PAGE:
When you’re permanently and severely injured as a result of a workplace accident, you may be entitled to both workers’ compensation benefits as well as Social Security Disability Insurance (SSDI) benefits. However—before you get too excited and start writing off bills—grouping benefit options can be difficult and not necessarily additive.
For instance, let’s say you develop COPD (chronic obstructive pulmonary disease) from noxious fumes at work. You pursue and are granted workers’ compensation in the form of medical reimbursement and an additional $700 a month. COPD is a qualifying disease for SSDI consideration. So, let’s say that instead of workers’ comp, you pursue and are granted disability to the amount of $1,200 a month. Now, since your condition is eligible for both workers’ comp and disability, you’d think that if you were to apply for both and group them together, you’d receive $1,900 a month (the sum of the two amounts you’d receive when pursuing them separately). However, this isn’t the case.
Benefit Pairing Revisions
State and federal laws limit the amount of money an injury can accrue from institutions, i.e., workers’ comp (WC) and SSA disability. These laws do not prohibit pairing your benefits, but the require that your benefit levels be recalculated. This practice is called an “offset.”
When an injury or condition develops as a direct result of a workplace accident or employer negligence, a good attorney will guide you through the following basic process for benefit approval:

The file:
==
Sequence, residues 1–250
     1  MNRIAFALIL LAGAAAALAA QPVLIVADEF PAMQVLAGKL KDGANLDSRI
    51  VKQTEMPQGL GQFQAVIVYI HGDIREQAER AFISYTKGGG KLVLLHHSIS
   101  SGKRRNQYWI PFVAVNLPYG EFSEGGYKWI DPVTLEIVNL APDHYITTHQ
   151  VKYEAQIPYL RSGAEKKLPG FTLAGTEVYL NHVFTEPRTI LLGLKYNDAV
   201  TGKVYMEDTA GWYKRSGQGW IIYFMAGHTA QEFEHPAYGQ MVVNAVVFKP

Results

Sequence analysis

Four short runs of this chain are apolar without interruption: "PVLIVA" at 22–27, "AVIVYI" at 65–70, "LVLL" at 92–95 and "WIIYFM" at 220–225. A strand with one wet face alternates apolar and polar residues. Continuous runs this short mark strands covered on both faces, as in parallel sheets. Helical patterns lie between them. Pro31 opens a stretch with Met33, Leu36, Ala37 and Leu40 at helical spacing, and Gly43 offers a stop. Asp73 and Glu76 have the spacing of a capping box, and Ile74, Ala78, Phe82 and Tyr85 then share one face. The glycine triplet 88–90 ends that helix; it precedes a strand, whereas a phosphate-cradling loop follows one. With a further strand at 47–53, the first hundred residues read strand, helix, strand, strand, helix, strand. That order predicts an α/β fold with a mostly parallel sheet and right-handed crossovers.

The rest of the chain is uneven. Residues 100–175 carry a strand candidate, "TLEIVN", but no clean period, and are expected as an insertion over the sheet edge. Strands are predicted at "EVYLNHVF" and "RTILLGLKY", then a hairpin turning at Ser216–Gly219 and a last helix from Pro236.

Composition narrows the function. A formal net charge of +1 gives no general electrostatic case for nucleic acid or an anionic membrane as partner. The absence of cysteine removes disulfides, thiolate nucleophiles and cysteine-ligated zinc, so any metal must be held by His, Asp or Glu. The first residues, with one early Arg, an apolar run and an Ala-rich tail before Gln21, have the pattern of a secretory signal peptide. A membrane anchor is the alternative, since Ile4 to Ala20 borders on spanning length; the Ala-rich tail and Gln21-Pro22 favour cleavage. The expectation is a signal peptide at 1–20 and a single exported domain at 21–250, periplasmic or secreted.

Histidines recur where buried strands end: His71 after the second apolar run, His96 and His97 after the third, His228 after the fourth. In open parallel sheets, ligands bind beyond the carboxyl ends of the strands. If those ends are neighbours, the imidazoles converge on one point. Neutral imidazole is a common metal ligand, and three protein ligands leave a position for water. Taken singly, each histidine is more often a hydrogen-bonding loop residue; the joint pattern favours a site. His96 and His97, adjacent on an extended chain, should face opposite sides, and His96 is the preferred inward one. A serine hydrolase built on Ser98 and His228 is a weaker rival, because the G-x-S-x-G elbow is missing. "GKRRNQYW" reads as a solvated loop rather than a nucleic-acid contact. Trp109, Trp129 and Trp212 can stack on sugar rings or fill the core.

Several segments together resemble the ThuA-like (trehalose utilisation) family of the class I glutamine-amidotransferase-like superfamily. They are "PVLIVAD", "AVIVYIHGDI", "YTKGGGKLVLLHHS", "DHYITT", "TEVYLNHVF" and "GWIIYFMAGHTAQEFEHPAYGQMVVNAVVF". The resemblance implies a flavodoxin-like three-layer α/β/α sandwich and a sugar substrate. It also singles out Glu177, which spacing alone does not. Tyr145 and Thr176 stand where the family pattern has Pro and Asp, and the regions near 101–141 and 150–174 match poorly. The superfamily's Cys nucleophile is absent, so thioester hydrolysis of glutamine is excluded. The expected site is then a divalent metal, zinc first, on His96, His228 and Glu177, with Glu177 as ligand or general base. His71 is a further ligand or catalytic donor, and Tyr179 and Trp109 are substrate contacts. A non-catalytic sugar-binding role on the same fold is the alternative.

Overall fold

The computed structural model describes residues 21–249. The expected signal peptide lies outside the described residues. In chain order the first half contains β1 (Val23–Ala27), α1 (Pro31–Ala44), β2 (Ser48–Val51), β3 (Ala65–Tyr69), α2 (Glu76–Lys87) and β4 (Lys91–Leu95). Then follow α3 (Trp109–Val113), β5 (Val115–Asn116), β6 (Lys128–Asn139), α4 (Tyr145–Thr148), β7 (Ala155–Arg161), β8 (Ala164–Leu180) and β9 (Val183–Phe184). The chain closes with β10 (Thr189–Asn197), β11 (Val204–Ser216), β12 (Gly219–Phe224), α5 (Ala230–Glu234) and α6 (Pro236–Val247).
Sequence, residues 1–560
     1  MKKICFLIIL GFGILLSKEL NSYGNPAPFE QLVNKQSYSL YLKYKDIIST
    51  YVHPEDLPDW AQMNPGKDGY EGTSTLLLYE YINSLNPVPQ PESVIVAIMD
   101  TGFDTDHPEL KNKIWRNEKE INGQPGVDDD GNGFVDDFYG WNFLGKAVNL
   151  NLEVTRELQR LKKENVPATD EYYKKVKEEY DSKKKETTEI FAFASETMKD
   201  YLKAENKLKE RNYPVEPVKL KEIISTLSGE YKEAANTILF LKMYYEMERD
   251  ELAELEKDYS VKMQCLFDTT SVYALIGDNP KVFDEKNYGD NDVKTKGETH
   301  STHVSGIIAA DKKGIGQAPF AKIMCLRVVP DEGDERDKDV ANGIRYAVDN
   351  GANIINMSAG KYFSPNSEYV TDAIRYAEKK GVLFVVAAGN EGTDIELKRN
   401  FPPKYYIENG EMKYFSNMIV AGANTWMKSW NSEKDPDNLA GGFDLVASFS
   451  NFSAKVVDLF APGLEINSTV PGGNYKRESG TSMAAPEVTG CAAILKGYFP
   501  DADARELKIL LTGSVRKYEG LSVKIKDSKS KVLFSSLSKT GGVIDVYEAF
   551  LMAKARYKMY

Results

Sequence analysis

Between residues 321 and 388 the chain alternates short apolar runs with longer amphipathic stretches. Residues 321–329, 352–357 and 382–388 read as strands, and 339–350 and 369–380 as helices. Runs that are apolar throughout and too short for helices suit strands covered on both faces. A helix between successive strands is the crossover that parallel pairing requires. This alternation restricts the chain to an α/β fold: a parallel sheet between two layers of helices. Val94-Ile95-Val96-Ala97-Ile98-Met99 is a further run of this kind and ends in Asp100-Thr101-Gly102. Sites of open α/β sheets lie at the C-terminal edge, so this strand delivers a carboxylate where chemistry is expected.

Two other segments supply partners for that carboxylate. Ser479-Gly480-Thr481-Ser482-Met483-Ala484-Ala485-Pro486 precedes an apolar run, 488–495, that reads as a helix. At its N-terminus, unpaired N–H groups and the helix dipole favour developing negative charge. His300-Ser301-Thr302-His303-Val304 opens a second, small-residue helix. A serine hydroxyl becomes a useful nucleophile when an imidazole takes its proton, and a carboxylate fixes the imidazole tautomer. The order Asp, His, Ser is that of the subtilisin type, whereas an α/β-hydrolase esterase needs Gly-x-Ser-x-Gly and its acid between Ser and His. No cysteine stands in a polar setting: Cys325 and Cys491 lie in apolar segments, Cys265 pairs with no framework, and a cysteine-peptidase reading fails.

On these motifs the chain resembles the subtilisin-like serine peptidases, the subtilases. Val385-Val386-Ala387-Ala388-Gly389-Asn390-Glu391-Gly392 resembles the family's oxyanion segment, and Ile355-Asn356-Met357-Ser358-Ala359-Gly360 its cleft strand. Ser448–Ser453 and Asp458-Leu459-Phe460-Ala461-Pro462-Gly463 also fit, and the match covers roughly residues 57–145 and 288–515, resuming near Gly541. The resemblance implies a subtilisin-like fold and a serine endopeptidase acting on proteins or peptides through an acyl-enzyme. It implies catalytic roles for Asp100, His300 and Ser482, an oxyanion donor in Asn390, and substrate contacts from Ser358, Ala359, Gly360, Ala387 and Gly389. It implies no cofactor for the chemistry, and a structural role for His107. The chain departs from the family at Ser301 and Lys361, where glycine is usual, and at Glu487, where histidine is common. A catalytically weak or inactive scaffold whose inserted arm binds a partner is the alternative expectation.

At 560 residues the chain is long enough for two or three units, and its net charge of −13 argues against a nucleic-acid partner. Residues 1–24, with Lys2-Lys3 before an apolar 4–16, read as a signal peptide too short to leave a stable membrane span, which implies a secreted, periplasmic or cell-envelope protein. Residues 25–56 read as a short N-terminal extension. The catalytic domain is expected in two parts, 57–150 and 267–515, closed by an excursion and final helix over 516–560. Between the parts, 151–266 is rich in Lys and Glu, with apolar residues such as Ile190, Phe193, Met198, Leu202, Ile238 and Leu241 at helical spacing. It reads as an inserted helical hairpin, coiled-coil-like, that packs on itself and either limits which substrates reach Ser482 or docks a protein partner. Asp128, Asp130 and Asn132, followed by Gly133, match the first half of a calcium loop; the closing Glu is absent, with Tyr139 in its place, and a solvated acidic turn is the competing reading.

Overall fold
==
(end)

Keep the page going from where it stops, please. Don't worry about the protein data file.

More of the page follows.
- File a workers’ comp claim. Your attorney will use workers’ compensation laws to secure standard benefits before pursuing disability.
- File a disability claim. Once your workers’ comp benefits are calculated, your attorney will advise you to include any and all claim information (date of approval, amount of compensation) when filing for disability. In fact, the SSA requires this information within your claim in order to determine eligibility and calculate the workers’ compensation offset.
Calculating the Offset
In most situations, disability benefits (if approved) will be reduced so that the total monthly amount awarded is no more than 80% of the applicant’s income before the accident. This is known as the applicable limit or the maximum amount of benefits that can be received.
If the awarded amount exceeds the applicable limit, then the disability benefits will be adjusted and reduced to maintain balance.
In Florida, “reverse offset” calculations also apply. Reverse offset means that instead of the SSA adjusting disability benefits based on workers’ comp, workers’ comp benefits are adjusted based on disability. In these situations, the advice and guidance of a skilled Florida disability attorney can help you decide how to proceed.
Contact our Ormond Beach office today to ensure that your rights are upheld while exploring all avenues of compensation for your injury.
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